Can Griffin translate their success in Challengers Korea to the LCK?

The best team in Challengers Korea are about to begin their LCK climb.

Screengrab via OnGameNet

Griffin knew they would qualify for the LCK Summer Split.

There was no cheering nor any visible signs of excitement on the faces of Griffin’s players once they had beaten MVP and secured their place in the LCK Summer Split. Instead, the five players kept a calm, confident demeanor as they stared at the victory screen displayed on their monitors.  

The reaction was so subdued that caster Lee “CloudTemplar” Hyun-woo asked if the win was “obvious” after the match.

“If we just play our usual way, I felt like losing against them would have been a difficult task,” Griffin jungler Lee “Tarzan” Seung-yong replied.

Tarzan’s response may have sounded cocky, but Griffin’s performance throughout the summer Promotion tournament more than backed him up. Griffin’s play against MVP and Kongdoo Monster was reminiscent of their recent time in Challengers Korea, where they earned a 14-match winstreak, which has since extended to 16 matches after their conquests over MVP and Kongdoo.

Since the LCK’s formation in 2015, no Korean challenger team has stirred anticipation or excitement from pundits and fans to the degree Griffin has. The last Korean challenger team to arouse any noticeable excitement was ESC Ever almost three years ago. But by the time ESC earned promotion to the LCK, it no longer had the same lineup that beat the likes of CJ Entus and SK Telecom T1.

Unlike ESC Ever, Griffin heads into its inaugural LCK seasonal split with its lineup of burgeoning stars intact. Griffin’s top laner Choi “Sword” Sung-won and AD carry Viper both possess stellar mechanics, which they transition into dominant laning phases. Throughout the entirety of Challengers Korea spring, almost nobody could match Sword and Viper in lane, save for few players like DAMWON Gaming’s AD carry, Kim “Veritas” Kyoung-min.

Griffin jungler Tarzan, meanwhile, is a rookie talent with a slew of hype surrounding him. A strong mechanical player like Sword and Viper, Tarzan dominated his jungle competition. Tarzan’s skill is fully unleashed, however, when he’s paired with mid laner Shin “Rather” Hyeong-seop. In Challengers Korea, Tarzan would constantly invade and prevent jungle invades—knowing all along that Rather would quickly come to his aid on champions like Galio and Vladimir if needed.

And supporting these four is a player who, for the last two years, has been on the cusp of LCK qualification: Son “Lehends” Si-woo. The diabolic Singed off-role in Korean solo-queue, Lehends converts to a maestro of engage supports once he steps foot on the professional stage. Partial to supports like Alistar, Shen, and Taric (all champions with the tools to begin fights), Lehends is Griffin’s engage. Lehends’ strengths come from his ability to consistently find opportunities to either start fights or lockdown an opposing player on various support champions. It’s become expected from fans to see Lehends pull off at least one multi-man Shen flash taunt or Alistar knock-up per game.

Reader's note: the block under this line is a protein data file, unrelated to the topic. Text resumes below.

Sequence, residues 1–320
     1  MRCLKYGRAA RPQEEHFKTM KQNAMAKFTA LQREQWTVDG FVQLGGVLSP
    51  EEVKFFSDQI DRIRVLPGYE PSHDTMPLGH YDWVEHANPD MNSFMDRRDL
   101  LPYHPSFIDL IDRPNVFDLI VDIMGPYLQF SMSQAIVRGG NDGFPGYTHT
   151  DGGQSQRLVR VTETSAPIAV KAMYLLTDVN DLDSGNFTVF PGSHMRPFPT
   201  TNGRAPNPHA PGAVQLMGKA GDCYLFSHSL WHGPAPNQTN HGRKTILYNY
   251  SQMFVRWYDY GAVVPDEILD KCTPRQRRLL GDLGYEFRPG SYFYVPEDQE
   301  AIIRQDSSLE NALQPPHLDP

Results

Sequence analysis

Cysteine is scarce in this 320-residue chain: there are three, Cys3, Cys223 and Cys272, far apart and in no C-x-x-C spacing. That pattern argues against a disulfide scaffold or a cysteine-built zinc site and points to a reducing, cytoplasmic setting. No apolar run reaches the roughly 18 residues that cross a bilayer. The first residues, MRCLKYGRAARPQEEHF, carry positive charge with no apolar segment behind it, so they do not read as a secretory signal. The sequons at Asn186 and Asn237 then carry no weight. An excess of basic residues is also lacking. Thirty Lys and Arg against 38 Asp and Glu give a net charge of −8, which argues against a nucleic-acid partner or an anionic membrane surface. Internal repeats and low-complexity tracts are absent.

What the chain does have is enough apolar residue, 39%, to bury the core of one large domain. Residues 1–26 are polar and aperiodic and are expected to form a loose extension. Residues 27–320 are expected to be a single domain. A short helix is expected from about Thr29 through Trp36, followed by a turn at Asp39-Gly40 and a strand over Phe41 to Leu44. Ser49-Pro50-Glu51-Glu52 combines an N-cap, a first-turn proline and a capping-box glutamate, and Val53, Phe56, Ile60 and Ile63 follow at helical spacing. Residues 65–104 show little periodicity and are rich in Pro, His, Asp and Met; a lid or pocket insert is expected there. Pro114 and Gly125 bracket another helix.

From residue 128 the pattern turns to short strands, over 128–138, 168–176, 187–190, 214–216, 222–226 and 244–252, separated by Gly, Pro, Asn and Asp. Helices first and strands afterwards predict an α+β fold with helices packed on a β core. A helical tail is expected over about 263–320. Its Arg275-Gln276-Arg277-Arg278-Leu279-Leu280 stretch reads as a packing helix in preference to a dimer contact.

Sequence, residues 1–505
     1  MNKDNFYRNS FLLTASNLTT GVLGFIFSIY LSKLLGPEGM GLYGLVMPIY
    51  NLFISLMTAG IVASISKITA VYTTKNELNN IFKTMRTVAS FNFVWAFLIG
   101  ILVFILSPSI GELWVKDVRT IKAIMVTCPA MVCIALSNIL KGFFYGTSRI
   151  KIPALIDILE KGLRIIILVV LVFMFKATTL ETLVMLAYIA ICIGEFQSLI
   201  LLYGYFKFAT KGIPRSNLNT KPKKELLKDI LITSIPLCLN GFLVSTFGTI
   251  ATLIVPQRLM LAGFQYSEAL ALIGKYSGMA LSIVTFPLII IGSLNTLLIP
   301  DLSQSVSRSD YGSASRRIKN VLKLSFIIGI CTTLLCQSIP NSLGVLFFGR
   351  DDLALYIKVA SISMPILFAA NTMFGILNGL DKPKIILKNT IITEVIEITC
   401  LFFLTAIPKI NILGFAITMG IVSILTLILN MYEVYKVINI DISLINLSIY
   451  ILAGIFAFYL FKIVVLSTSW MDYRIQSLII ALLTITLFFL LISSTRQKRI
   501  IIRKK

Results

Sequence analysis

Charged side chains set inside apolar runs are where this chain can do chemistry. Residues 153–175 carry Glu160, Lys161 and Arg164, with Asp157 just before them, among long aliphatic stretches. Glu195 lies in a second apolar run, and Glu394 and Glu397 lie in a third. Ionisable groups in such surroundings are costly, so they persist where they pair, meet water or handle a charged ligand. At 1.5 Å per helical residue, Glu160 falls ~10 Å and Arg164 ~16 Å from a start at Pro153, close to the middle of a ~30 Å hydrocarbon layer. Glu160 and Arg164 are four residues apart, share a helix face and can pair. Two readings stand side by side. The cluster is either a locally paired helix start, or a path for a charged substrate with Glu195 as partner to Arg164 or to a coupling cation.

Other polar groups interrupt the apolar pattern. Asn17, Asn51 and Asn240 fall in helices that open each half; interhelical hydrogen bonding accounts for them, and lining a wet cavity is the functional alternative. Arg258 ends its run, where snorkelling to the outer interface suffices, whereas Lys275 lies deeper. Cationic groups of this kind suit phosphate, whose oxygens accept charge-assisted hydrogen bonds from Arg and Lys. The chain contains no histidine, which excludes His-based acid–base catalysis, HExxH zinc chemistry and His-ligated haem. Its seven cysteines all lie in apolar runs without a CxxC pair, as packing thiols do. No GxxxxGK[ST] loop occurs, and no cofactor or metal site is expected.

Screengrab via [OnGameNet](

Assembled together under the Griffin banner and led by coach Kim “cvMax” Dae-ho, these five players become a powerful teamfighting squad that could come back from the most perilous situations.

Throughout Griffin’s undefeated run in spring, it was common to see them fall behind during the early to mid game. Sword and Rather were susceptible to ganks, despite being strong laners. Though the two would do their best to dodge and weave around the enemy jungler and laner combo, they’d eventually fall, giving their opponents a lead to work with. Griffin’s tendency to grow overconfident at times—in addition to their susceptibility to ganks—created situations that allowed opposing teams to snowball an early lead.

Teamfights, usually around either the Baron or Dragon pit, were usually what allowed Griffin to come back from major deficits. Griffin forced fights around Baron and Dragon by abusing the more lackluster vision control of challenger teams. Enemy teams were goaded into the bait, fell prey to Griffin’s teamfighting, and gave up their leads.

But Griffin’s teamfighting, while a major strength, has in a way become a curse. “I’d really like for my players to more accurately pull off the initial plan that we form during picks and bans,” coach cvMax told Inven Global when asked what refinements Griffin must make before entering LCK summer. Griffin’s grown a more cavalier attitude at not meeting their early game win conditions. They gradually became content spending the first half of the game in a gold deficit, since they’ve always made a comeback by the 20-minute mark if they ever did fall behind.  

“We’re not a team who came from the second division who’s trying to do do mediocre results-wise,” cvMax said. If Griffin want to meet their coach’s lofty expectations, early game improvements will need to be made in time for the LCK Summer Split. Griffin’s players won’t be able to rest on their mechanics and teamfighting against the likes of KINGZONE DragonX, KT Rolster, and Afreeca Freecs, LCK teams with supremely talented rosters.

In a few weeks, Griffin will enter a league filled with teams and players who hold various domestic and international accolades. Griffin will no longer be the team to fear. Instead they’ll need to prove they can matchup against the LCK’s upper echelon. It will be up to Griffin to translate their challenger success in LCK stardom—lest they fall into obscurity like many of their predecessors.

About the author

Malcolm Abbas

Really like esports.